University of Houston engineering researcher's theories to be tested in space

Apr 11, 2013

A University of Houston chemical and biomolecular engineering professor's theories on crystal formation will be tested aboard the International Space Station (ISS).

Professor Peter Vekilov received a grant from NASA to study how proteins in a nucleate, or form crystals. While researchers understand how crystals grow, they want to know more about how they transform from liquid to crystal.

Vekilov discovered in 2004 that before forming a crystal, proteins in a solution come together in dense droplets, where they possibly begin to unfold into the shape they have when crystalized.

His theory was proved through three years later, but there is still much about this phenomenon that is not understood. For example, crystallization processes that work well in a small volume of solution often do not work at all when scaled up to industrial-size levels of 100 or 1,000 liters – the amounts used to produce medicines, chemicals and other products.

Vekilov believes this is largely due to sheer flow, meaning the uneven flow of liquid in a system, such as a river. But he cannot effectively test his theory on earth because gravity affects sheer flow.

awarded Vekilov a grant of nearly $100,000 to further his research in space.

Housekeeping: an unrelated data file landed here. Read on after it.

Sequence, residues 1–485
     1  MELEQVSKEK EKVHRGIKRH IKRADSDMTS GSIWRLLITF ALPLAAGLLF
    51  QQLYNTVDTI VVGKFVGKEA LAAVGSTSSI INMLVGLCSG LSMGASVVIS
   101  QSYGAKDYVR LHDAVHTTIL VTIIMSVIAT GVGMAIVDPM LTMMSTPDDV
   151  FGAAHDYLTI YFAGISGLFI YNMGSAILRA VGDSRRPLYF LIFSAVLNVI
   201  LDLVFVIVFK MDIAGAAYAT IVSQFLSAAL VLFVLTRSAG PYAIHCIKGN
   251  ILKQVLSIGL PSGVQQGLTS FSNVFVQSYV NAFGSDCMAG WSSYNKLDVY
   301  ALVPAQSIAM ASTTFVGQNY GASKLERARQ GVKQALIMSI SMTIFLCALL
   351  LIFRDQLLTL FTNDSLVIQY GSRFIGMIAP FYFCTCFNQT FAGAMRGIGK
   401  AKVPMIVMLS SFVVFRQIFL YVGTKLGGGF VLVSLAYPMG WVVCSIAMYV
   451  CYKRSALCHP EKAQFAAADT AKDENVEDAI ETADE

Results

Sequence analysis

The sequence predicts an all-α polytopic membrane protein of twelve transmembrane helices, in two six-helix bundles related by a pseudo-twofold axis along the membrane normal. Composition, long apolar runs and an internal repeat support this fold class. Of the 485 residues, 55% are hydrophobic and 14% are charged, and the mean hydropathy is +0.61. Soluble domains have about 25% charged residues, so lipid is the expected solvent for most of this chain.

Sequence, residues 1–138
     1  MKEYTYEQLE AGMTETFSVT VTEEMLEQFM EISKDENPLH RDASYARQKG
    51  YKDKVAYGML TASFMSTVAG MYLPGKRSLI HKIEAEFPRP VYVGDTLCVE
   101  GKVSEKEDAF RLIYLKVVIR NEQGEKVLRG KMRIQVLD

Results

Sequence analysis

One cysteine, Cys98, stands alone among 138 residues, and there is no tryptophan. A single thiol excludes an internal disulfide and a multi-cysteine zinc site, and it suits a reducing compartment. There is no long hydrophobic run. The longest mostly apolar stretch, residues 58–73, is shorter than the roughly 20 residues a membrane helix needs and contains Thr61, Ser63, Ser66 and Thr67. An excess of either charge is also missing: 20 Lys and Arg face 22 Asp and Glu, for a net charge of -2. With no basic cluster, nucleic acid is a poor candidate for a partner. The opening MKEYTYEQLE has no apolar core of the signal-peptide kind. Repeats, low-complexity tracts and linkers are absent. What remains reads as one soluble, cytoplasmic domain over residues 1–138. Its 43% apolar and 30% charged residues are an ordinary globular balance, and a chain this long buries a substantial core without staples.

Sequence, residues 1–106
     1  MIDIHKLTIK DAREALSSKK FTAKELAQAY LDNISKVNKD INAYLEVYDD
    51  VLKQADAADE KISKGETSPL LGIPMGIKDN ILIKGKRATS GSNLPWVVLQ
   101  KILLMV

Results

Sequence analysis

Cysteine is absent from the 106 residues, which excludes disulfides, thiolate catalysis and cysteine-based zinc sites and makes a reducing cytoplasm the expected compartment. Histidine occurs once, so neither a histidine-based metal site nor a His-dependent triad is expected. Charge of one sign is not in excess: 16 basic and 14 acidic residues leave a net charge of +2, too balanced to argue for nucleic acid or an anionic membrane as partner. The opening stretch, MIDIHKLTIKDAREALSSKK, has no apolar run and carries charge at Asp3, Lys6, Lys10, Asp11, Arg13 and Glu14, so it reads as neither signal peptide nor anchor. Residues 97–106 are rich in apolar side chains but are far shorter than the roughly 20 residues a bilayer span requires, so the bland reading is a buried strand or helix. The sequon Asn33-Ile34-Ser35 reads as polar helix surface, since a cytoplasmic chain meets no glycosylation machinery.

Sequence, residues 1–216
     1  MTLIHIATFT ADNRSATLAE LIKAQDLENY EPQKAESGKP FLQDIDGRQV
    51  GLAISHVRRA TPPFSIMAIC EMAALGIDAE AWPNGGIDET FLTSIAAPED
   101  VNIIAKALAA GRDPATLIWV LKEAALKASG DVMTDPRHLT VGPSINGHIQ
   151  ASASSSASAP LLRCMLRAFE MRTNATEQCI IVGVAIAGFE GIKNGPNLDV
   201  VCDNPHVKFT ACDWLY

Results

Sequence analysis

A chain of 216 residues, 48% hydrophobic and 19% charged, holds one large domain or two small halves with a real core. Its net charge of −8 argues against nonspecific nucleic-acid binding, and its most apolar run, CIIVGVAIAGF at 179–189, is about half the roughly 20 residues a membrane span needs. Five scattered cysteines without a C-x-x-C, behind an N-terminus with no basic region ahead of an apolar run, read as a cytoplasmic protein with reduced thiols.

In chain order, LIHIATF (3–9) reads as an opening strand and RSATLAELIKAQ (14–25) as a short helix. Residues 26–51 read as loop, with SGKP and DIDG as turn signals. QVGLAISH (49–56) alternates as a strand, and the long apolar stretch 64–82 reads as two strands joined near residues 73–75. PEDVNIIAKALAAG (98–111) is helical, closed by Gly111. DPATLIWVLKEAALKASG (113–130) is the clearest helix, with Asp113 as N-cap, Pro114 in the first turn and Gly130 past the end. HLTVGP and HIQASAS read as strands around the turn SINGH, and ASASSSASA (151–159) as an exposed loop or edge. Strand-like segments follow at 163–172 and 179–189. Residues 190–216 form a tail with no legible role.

"We have relevant scientific questions that can only be answered by doing experiments in space. We hope to see a difference between the nucleation rate on earth and in space," Vekilov said.

His experiments will be performed by astronauts affiliated with the , most likely in 2016. Meanwhile, Vekilov and his European collaborators will build instrumentation and conduct additional research on nucleation and sheer flow to gather data and develop better models of the process.

Vekilov hopes to develop a deep understanding of sheer flow's impact on protein crystal nucleation, which can be used to design small-scale experiments that mirror the sheer flow in industrial-scale crystal production. As a result, it will be easier to scale up lab work to large volumes.

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